The way in which Manet painted the Déjeuner—rather than its imagery—is what made it the most groundbreaking and modern. It questioned so many accepted notions about how a painting was supposed to be created. To begin with, look closely at the whole work and it becomes quickly apparent that Manet is unconcerned with creating the illusion of a real-life space, and furthermore, he seems to be in many places trying to purposefully rupture one’s sense of illusion by muddying the relationship between a figure and ground and flattening out parts of the image. Look, for example, at the students’ hand at the center of the picture and how it almost seems to be touching the hand of the woman, who is supposed to be in the background, but looks as if she is floating above him because the background has been flattened into the foreground. Look closer at the background woman: see how the space around her and behind her is sketchily-filled in to make it look flattened as well. Look at the back of the naked woman in the foreground and how the grass actually looks flat against her back, almost meshing with it, rather than behind clearly pictured as behind her.
Manet is also unconcerned with creating the illusion of depth in the figures he paints. In many areas of the work, he uses harsh contrasts to dissolve any sense of three-dimensionality. A commonly-cited example is the contrast between the shod and unshod foot of the man and woman at the center of the painting. Jules-Antoine Castagnary also noticed this effect. He explained at the time: “No detail is in its final, precise and rigorous form…I see fingers without bones and heads without skulls. I see sideburns painted on like two strips of black cloth glued on the cheeks.”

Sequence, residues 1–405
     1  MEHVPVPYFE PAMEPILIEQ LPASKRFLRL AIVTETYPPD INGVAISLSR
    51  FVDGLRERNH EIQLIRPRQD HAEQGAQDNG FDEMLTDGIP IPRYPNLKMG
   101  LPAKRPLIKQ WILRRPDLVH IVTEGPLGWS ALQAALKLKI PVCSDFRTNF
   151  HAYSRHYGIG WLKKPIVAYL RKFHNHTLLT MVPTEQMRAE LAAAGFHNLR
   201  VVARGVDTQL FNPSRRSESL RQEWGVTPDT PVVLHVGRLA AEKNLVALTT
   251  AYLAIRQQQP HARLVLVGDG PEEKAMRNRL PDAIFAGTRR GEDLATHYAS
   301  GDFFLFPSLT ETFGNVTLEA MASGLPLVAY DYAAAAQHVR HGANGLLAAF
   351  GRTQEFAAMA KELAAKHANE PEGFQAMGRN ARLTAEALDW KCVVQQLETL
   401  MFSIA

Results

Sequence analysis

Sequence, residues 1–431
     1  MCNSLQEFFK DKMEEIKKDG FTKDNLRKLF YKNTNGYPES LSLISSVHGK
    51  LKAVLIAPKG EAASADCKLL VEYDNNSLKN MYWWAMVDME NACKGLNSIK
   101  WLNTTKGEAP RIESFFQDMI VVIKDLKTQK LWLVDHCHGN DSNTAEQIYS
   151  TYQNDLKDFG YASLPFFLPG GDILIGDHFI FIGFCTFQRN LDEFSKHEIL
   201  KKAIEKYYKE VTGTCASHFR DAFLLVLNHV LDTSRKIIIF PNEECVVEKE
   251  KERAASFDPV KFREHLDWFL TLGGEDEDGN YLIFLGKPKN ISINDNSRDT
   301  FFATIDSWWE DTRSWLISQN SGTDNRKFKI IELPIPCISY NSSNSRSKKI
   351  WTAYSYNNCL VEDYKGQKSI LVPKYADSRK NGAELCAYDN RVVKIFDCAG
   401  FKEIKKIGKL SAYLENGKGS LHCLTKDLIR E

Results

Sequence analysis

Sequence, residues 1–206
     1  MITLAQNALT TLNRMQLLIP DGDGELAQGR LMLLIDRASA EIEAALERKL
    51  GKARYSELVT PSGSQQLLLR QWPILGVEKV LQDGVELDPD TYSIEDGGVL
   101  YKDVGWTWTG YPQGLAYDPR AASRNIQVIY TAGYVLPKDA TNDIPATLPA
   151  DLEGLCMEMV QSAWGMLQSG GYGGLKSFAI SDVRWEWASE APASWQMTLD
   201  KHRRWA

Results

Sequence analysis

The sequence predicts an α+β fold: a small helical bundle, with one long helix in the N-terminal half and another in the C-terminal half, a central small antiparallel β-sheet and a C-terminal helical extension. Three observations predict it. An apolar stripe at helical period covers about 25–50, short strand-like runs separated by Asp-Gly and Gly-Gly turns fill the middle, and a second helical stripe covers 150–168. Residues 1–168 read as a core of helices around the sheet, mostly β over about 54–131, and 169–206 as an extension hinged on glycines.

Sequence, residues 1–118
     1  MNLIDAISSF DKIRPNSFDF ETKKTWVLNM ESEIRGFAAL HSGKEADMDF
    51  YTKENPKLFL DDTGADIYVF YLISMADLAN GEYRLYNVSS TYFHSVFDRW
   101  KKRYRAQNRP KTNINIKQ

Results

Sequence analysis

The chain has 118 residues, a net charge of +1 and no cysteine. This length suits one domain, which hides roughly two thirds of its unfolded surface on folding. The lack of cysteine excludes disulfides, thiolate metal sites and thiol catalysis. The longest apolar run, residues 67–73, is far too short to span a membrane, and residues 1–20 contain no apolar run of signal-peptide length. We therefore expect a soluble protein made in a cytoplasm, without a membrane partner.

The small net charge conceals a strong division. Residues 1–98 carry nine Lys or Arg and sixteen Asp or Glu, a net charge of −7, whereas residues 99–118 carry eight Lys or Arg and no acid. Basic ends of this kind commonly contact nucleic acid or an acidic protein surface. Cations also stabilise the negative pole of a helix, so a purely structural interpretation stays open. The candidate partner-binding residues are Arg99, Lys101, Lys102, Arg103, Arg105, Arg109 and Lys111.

The overall flattening of the image makes one slowly realize that the different scenes present in the work—i.e. the still life at the bottom, the female nude, men in city dress, the bathing figure, a landscape—are actually not entirely connected, but almost separate images pasted (pastiched) into one. The still life in the front seems oddly included; the foursome at the middle don’t seem to be entirely in the woods but floating in front of it; the woman at the rear is almost in her own world. Our eyes and our minds try to bring these images together but the picture remains a combination of various works that cannot be resolved into one. Its coherence consistently falls apart.